The Son Of Man: The Psychology Behind The Painting

The Son of Man by Rene Magritte Cover Image

Paintings are painted to make the viewers feel emotions. They capture the attention of the viewers. But then there are paintings, such as The Son of Man by French Surrealist painter Rene Magritte, that do more than that. 

At first, the viewer is confused, seeing a random green apple in the middle of the subject’s face. But the longer you look at it, the more intense you feel this confusion. 

Rene Magritte has placed the apple with a purpose and an understanding of the human mind. The apple is not there to give the painting a shock value, but to elicit a strong emotional response from the viewer. 

Let’s look at how and why the painting has become such a massively popular piece of artwork and why you feel agitated once you keep looking at the apple. 

The Man in the Painting

Before you dive deeper into the psychological elements of the painting, let’s take a look at the subject of the painting. 

From the simple bowler hat to the long coat, there is nothing peculiar about this person. His red tie adds visual excitement and his right hand is glowing due to the golden sunlight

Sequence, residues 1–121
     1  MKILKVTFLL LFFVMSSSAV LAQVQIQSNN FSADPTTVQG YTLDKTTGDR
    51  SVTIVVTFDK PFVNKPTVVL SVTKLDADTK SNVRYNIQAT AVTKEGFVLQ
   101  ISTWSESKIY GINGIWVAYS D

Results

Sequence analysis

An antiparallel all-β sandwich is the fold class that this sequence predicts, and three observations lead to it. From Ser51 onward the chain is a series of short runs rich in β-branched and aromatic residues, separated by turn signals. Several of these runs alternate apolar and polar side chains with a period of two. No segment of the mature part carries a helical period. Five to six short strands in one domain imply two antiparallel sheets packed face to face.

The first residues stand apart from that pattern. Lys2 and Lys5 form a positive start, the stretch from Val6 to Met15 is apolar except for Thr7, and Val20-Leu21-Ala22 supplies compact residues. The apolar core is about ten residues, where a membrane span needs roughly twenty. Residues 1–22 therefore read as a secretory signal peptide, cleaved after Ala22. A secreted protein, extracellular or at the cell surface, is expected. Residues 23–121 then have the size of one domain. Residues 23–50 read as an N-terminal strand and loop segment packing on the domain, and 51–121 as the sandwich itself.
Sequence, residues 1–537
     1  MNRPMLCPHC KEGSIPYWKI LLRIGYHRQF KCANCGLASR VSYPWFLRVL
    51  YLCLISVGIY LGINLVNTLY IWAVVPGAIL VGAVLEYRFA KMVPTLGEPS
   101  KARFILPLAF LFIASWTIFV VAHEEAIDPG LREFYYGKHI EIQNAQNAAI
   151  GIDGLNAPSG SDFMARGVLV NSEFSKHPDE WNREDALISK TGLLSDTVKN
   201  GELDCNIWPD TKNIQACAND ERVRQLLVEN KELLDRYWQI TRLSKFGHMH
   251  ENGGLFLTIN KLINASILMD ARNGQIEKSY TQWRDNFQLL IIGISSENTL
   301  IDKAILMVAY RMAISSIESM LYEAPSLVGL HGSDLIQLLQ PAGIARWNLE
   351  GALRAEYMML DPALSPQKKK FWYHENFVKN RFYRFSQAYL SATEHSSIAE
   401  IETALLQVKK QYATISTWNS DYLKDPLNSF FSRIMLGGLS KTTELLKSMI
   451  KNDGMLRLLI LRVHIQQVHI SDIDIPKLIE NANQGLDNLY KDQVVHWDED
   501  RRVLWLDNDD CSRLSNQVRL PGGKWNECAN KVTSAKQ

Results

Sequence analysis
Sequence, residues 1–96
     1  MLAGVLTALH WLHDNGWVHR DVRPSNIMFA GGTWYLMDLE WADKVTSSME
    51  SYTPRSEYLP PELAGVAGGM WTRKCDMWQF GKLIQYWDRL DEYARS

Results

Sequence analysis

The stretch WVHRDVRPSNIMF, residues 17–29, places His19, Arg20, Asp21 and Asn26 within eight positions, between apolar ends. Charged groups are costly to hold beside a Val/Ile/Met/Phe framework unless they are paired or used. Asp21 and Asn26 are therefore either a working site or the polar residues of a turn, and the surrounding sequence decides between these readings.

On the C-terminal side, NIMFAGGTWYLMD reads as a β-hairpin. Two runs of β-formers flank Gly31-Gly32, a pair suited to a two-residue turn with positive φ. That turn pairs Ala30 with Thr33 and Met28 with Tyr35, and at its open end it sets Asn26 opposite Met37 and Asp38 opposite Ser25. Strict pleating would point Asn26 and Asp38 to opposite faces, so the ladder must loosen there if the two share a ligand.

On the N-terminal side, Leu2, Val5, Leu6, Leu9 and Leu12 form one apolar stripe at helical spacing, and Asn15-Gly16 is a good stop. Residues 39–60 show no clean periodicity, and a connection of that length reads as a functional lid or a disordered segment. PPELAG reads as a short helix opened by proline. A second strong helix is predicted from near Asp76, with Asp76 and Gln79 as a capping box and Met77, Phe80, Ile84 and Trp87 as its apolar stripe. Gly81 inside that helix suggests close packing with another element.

Many people would be shocked to find out that this is a self-portrait; the man standing in the painting is Rene Magritte. But self-portraits are just that; paintings of the painter. Nothing more. 

Magritte wanted to bring more. By hiding just his face, he revealed something deeper in our minds. By hiding his face, he shows our desire to see something. Confused? Let us elaborate. 

The Son of Man painting by Rene Magritte

The Human Psychology to Know

For hundreds of thousands of years, the ability of humans to see has been one of the most important senses. It lets you recognize people, see oncoming danger, and in later times, enjoy beautiful pieces of art. 

Even though this image is just two dots and a curved line, your brain cannot help but see a face there, right?

Not just that, humans have the tendency to see anything that resembles two eyes and a mouth and try to fit it in a face that we see hundreds of times every day. 

Whenever you see a face, your brain does a scan of all the faces it knows and tries to match it with the one in front of the eyes. This scan is blisteringly fast and you are never aware of it. But The Son of Man brings this tendency into your view. 

Watch Our Video About This Painting

The Desire To See

Once you take a look at the face, notice how the apple perfectly sits in the middle of the face, and imperfectly covers the face. 

You can see the edges of the face, the ears, the chin, and even the left eye and eyebrow. The apple shows very small parts of the face, but not the face.